Posted: Oct. 19, 2007


By Celia Cohen
Grapevine Political Writer

When John C. Atkins last was seen leaving Legislative Hall in Dover, he was skipping out one step ahead of a roll call for throwing him out of the state House of Representatives.

Atkins, a three-term Republican from Millsboro, resigned in March once the House Ethics Committee found he had brought the chamber into disrepute after being arrested for fighting with his wife Heather in their home to end a pre-Halloween night of boozy carousing and for abusing his office to try to get out of his troubles.

Atkins, who made his way in politics as a happy-go-lucky scamp, fought hard to keep his seat. He tried charm. He tried penitence. He tried pulling strings. He tried intimidation.

What finally pushed him out was a fresh allegation that he had tampered with a witness by coercing a teen-age babysitter, who was staying at the Atkins' home the night of the arrest, to keep quiet about what she knew.

The Ethics Committee shipped that new charge to the attorney general for further investigation, and nothing more was heard about it. The matter seemed to be buried by disinterest.

It was not. Instead, the Justice Department quietly concluded its inquiry in July by clearing Atkins.

A report at that time was supposed to have gone to state Rep. Richard C. Cathcart, the Republican majority leader who chairs the House Ethics Committee, but he says he never received it.

With the anniversary of Atkins' arrest approaching, a request for an update from Delaware Grapevine to Cathcart and the Justice Department shook the report loose. It was faxed Thursday to Cathcart, and a copy was obtained Friday by Delaware Grapevine.

"It is the conclusion of the Department of Justice, as a matter of Delaware law, the conversation with the babysitter was not a criminal act," the report said.

The report seems to be the last word for the House, which spent months in turmoil as it tried to decide how to deal with Atkins. "I'm not sure what we can do except take the conclusions that the Attorney General's Office came to and close the chapter," Cathcart said.

Charles M. Oberly III, a former Democratic attorney general who is Atkins' lawyer, was more emphatic. "It's totally done with. I hope that puts it to rest," he said.

The four-page report described the events in the early morning hours of Oct. 29 when the babysitter, whose parents were friends of John and Heather Atkins, was staying overnight, asleep as the couple returned home.

The babysitter awoke to hear the fight as well as the hang-up telephone call that brought a Millsboro police officer to the house. Although afterwards she did not recall talking to him, police records show that she was interviewed in the kitchen and said she did not see the incident but heard it.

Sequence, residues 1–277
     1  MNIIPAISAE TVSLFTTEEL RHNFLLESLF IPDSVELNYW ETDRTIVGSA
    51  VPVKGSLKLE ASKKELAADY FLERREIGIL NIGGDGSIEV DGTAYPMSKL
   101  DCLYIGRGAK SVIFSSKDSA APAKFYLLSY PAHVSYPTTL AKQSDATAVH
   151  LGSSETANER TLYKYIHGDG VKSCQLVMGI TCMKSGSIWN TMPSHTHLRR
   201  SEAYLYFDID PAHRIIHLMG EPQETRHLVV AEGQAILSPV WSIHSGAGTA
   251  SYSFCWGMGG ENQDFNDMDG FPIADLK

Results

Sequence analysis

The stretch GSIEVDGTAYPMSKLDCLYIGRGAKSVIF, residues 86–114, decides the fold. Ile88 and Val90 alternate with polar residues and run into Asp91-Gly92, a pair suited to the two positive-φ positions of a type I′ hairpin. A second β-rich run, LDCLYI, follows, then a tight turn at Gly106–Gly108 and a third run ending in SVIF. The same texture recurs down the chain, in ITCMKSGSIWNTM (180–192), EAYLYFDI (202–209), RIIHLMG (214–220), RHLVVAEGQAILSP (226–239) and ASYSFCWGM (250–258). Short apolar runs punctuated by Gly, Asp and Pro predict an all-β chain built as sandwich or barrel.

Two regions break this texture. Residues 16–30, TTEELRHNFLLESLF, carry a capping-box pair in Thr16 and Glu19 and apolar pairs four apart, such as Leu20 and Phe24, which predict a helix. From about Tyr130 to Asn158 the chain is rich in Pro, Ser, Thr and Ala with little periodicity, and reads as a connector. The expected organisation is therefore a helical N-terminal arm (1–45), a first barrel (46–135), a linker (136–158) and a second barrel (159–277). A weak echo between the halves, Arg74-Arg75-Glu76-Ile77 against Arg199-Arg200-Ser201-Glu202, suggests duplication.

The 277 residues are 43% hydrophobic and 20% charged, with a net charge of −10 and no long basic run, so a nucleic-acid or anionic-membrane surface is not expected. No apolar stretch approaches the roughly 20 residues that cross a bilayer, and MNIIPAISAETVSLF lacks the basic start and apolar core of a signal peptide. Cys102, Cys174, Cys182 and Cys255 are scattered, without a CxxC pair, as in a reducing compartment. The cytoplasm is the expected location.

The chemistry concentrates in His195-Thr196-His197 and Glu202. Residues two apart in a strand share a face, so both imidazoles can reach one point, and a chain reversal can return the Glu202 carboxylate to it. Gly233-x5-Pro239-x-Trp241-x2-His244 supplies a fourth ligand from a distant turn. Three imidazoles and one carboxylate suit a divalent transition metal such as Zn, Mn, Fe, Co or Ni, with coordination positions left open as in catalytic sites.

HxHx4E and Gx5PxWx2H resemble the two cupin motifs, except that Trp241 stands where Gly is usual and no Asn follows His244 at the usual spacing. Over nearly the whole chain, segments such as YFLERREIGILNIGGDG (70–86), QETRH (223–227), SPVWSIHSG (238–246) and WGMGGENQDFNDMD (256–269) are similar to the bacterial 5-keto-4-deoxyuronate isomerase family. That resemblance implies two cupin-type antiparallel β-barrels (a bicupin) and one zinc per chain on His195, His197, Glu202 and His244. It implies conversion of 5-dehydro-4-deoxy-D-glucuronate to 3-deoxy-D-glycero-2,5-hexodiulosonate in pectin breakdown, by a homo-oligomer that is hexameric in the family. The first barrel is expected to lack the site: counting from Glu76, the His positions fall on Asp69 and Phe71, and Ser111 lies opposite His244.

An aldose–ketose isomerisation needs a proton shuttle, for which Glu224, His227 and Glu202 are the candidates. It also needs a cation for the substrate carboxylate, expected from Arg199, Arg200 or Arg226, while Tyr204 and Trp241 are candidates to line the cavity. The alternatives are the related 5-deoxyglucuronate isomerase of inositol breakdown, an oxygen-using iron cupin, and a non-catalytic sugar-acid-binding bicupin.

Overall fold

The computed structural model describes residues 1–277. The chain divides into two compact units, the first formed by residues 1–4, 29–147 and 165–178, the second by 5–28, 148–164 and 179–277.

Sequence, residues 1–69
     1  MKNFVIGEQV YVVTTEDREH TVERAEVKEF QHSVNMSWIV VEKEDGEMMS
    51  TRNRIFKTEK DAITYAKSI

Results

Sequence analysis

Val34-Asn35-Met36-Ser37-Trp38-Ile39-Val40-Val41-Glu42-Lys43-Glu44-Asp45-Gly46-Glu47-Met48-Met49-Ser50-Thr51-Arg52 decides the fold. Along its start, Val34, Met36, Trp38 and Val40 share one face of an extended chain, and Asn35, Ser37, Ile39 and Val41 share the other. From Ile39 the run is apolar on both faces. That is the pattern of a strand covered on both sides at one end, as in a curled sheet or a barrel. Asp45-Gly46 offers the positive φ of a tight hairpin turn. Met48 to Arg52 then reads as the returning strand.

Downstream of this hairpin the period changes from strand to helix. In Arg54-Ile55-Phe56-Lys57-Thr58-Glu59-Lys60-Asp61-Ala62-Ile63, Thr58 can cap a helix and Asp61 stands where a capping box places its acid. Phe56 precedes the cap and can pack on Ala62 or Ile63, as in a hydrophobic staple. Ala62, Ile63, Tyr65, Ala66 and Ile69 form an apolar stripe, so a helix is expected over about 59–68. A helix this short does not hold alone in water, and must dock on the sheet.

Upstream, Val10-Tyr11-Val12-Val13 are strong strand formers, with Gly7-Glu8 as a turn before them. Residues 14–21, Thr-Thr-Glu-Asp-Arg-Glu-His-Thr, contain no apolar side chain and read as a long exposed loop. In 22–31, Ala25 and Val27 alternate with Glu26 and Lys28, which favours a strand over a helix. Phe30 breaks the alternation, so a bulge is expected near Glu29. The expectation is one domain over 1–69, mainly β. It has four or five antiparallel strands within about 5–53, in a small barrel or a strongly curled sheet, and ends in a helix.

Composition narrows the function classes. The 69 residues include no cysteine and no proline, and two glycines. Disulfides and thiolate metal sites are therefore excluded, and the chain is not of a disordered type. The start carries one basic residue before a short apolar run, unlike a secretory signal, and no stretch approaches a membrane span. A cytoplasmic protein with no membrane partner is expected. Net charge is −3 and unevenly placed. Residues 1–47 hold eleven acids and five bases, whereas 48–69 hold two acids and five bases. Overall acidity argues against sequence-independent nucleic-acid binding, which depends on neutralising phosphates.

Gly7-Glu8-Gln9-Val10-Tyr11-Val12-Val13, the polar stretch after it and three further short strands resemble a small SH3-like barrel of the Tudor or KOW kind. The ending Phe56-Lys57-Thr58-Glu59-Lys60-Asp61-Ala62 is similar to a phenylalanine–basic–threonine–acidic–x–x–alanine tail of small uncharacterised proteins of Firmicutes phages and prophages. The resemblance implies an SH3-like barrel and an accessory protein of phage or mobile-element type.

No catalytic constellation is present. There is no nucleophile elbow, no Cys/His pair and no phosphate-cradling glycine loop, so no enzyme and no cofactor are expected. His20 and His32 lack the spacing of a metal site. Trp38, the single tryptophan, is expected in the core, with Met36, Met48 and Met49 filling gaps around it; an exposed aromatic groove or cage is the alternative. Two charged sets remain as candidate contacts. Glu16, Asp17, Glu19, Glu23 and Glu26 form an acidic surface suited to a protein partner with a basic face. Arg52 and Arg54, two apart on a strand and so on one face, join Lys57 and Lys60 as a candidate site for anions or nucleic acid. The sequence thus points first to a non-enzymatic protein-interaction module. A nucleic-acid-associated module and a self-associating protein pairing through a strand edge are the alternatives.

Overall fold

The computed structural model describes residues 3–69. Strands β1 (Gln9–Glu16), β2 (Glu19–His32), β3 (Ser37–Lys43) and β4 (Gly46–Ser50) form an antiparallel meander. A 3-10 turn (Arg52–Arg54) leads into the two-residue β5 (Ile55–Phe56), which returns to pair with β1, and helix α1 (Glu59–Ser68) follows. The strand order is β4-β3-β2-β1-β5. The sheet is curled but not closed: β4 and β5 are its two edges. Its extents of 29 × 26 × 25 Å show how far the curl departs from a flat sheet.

Later that day, Atkins and the babysitter talked by telephone. The election was days away, and he told her he intended to deal publicly with his arrest by appearing on a radio show the next day.

"He told her not to let her parents know, that they were going on the radio Monday morning and take care of it, and this was all going to blow over. She further stated John Atkins told her, 'If anybody had asked me, umm, to tell 'em that I was asleep and I didn't hear anything,'" the report recounted.

"When asked by the Department of Justice investigator, she said she did not assume John Atkins meant the police by 'anyone.' She further stated when asked that she did not feel threatened or endangered or that anything negative would happen to her."

The report concluded: "Taking the conversation in context, it does not appear it was John Atkins' intent to prevent or dissuade the babysitter from testifying at a trial or authorized inquiry, but rather with the intent to keep his conduct quiet so as not to sully his reputation with his friends (including the babysitter's parents) and the public at large."

The report appears to close out the legal aspects for Atkins, whose criminal record will be wiped clean under a first offenders' program as long as he completes a yearlong sentence of probation in early December.

"I want it to be known I was never even contacted or questioned by the attorney general about this matter. It tells me that when they did this investigation brought by the House of Representatives, there must not be anything to it," Atkins said.

The report does not end the political ramifications, however. Atkins would not discuss any potential plans he has, but there is widespread talk that he will try to win back his old seat, which went in a special election to Republican Gregory A. Hastings, as soon as the 2008 election and might try to do it as a Democrat.

Already Cathcart and Atkins were exchanging words.

"I think we'll have him to deal with. I'm convinced he's going to run. Maybe if he gets pounded again, he'll understand," Cathcart said.

"It's kind of what I expected of Dick Cathcart -- just keep piling on," Atkins said.